Invasive species are one of the main causes of biodiversity loss globally. They significantly alter ecosystems and even drive native plants and animals to extinction.
Over 2,000 non-native plants and animals have been introduced to the UK, and around 10-15% have become invasive. They cost the economy over £1.7 billion every year.
For this year’s UK Invasive Species Week, we highlight just some of the invasive plants and animals that are having a negative impact across the UK from back gardens to canals.
American mink Neovison vison
The American mink is a semi-aquatic carnivore. They are solitary and live alongside rivers and lakes. Mink have been introduced outside their native range as part of breeding farms for the fur trade. They have often escaped from fur farms or been released by animal rights groups and become naturalised in many locations, including Scotland. They are skilled predators and in their invasive range have had a huge impact on prey populations. The native water vole in particular is under serious threat from predation by the American mink.
Butterfly bush Buddleja davidii
Seen in most gardens, Buddleja is native to China and has been introduced worldwide as an ornamental plant because of its pretty flowers that attract butterflies.
However, it can also be spotted sprouting out of buildings and along railways. The plant is tolerant of a wide range of environmental and climatic conditions, grows rapidly, and is capable of prolific seed production. Buddleja is considered problematic with garden plants serving as satellites that stimulate the growth of more invasive shrubs in disturbed and wild habitats.
Giant Hogweed Heracleum mantegazzianum
Giant Hogweed is a pernicious invasive species, with a significant impact on human health. Its sap contains toxic chemicals, known as photosensitizing furanocoumarins, which can cause a nasty skin reaction in humans.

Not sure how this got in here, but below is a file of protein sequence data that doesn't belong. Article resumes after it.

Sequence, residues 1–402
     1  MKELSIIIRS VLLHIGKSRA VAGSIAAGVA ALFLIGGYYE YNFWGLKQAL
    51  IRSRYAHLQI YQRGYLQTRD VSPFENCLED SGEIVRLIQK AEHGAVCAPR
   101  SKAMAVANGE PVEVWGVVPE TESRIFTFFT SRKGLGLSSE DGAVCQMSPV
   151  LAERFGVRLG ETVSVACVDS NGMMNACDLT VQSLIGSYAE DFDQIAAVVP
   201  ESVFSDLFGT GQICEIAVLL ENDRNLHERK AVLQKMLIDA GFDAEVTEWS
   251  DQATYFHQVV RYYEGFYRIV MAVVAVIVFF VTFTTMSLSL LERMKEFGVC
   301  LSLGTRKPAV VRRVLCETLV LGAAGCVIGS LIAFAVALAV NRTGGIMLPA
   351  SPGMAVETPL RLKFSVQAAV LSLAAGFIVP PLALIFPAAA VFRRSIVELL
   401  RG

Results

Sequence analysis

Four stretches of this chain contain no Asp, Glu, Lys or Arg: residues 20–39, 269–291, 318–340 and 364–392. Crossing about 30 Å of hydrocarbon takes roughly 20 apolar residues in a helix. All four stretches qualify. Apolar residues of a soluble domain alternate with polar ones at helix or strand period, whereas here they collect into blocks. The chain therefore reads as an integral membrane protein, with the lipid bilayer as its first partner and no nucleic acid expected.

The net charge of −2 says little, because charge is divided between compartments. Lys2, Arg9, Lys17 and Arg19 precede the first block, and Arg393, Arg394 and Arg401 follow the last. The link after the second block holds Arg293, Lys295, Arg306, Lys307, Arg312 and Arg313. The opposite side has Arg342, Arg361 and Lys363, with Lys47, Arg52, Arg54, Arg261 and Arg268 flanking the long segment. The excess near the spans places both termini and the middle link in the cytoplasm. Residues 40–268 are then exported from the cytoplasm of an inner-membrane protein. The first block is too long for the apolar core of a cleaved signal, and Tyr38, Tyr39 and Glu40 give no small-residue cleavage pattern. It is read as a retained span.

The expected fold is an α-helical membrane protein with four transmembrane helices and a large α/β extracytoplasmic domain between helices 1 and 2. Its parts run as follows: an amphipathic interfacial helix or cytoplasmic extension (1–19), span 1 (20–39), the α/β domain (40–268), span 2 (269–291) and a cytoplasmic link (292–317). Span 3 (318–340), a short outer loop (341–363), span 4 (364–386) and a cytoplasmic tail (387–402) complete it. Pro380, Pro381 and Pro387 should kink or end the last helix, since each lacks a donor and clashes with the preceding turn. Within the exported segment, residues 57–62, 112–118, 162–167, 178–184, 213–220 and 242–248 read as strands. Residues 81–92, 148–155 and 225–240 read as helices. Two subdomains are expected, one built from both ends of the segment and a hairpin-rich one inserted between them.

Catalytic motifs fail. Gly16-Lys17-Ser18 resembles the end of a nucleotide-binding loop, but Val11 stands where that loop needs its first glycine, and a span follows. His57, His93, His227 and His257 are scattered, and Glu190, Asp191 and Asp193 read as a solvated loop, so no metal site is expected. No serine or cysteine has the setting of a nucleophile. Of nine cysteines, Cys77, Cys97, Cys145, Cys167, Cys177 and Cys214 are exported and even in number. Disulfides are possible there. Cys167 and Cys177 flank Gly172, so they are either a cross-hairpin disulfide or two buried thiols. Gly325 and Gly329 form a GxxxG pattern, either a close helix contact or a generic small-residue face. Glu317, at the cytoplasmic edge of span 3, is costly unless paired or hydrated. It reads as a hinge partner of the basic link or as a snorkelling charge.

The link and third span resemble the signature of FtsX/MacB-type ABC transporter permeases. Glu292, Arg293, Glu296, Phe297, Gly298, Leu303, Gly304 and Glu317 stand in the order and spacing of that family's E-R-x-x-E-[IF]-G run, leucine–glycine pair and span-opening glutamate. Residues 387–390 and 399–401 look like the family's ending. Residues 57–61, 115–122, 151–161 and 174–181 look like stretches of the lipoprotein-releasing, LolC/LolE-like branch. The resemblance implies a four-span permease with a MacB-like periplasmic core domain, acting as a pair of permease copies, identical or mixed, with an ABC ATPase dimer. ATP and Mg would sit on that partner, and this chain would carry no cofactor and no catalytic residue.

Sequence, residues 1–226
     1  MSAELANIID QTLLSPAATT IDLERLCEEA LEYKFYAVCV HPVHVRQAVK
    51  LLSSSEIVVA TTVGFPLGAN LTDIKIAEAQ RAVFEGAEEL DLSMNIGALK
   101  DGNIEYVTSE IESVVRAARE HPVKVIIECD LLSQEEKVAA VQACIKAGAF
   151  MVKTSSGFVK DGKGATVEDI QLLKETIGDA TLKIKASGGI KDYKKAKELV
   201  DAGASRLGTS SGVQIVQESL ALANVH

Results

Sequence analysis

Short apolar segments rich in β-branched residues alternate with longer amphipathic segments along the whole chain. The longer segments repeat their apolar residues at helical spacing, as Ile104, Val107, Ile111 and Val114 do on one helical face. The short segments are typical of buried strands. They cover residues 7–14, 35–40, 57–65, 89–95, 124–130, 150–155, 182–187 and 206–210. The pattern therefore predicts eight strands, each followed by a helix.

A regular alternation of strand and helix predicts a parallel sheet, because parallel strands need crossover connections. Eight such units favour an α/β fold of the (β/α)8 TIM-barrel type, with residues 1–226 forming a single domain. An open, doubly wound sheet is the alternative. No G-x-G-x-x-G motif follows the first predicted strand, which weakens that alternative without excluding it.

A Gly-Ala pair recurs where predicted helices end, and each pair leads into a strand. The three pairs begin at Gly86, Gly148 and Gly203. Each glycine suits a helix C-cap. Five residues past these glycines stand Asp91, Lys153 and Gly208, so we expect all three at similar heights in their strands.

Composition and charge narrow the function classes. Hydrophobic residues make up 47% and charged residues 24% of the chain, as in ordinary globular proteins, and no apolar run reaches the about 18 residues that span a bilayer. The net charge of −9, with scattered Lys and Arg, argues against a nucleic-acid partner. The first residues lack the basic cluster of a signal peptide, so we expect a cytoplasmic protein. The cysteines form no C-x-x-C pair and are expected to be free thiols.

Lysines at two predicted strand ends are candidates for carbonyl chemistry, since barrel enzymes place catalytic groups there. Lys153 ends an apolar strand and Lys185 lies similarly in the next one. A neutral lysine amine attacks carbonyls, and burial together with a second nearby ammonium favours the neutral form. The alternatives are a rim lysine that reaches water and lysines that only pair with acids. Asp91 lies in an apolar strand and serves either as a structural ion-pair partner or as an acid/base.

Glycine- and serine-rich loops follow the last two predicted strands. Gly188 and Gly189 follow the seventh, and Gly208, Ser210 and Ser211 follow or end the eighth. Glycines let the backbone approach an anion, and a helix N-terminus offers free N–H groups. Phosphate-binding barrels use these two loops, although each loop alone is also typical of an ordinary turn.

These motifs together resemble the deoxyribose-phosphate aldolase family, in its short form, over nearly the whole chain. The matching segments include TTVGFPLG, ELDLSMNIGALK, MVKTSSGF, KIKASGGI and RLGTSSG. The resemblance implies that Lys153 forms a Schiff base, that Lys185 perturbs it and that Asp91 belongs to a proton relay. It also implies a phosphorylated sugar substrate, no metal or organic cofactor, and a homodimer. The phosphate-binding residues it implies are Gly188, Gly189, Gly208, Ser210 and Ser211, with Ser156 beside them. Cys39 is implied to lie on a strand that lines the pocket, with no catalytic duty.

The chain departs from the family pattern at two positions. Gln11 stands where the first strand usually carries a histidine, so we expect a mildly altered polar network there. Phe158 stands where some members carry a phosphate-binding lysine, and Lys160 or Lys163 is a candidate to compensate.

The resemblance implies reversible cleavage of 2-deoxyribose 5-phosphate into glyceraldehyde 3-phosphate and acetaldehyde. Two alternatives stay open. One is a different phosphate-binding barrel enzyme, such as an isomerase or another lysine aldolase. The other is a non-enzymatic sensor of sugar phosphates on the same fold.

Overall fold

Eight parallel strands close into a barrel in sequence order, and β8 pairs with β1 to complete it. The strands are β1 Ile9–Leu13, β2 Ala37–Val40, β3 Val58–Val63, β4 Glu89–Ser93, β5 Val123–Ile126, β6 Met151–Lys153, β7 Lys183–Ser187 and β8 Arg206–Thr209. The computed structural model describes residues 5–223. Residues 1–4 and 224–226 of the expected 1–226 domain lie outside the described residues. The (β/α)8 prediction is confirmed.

Native to the Caucasus, it has spread across Europe. As well as causing health problems, the weed is also damaging to the environment. Giant hogweed is large – reaching up to 3.5m in height and grows vigorously. This can lead to gross changes in vegetation, obstruction of access to river banks and soil erosion in invaded areas.
Oak Processionary Moth Thaumetopoea processionea
The oak processionary moth poses a major threat to the health of oak trees, and it can also affect human and animal health. It gets its name from the larvae which form long processions across oak trees.
These larvae cause severe defoliation, leaving the trees much more vulnerable to other threats such as plant disease. Their hairs can also cause skin and respiratory reactions.
The moth is native to Southern Europe and was first identified in the UK in London in 2006. It has since spread to surrounding counties in the south of England. The male moths can fly long distances, even from France to the UK.
Red swamp crayfish Procambarus clarkii
Crayfish are notorious for their invasiveness. Since they are most valuable as a live product, primarily for the seafood trade but also aquaculture, they have been widely introduced by escaping their enclosures. Crayfish are highly tolerant of various climatic conditions. The red swamp crayfish currently thrives in tropical regions as well as cold temperate regions like the UK and Europe.
Red swamp crayfish are omnivorous and significantly reduce resources for native species. Moreover, it is a vector of crayfish plague (a disease it is highly resistant to), transmitting it to native European crayfish.
Find out more
You can find out more about these and many more invasive species on CABI’s open access Invasive Species Compendium (ISC.)
Use the ISC’s advanced datasheet search function for faceted searches such as distribution in the UK.
Related News & Blogs
Tree of heaven (Ailanthus altissima) is an invasive, fast-growing deciduous tree that causes damage to infrastructure and hosts some invasive species. Scientists as CABI and BBCA have identified a mite that could significantly reduce its impact.
23 June 2022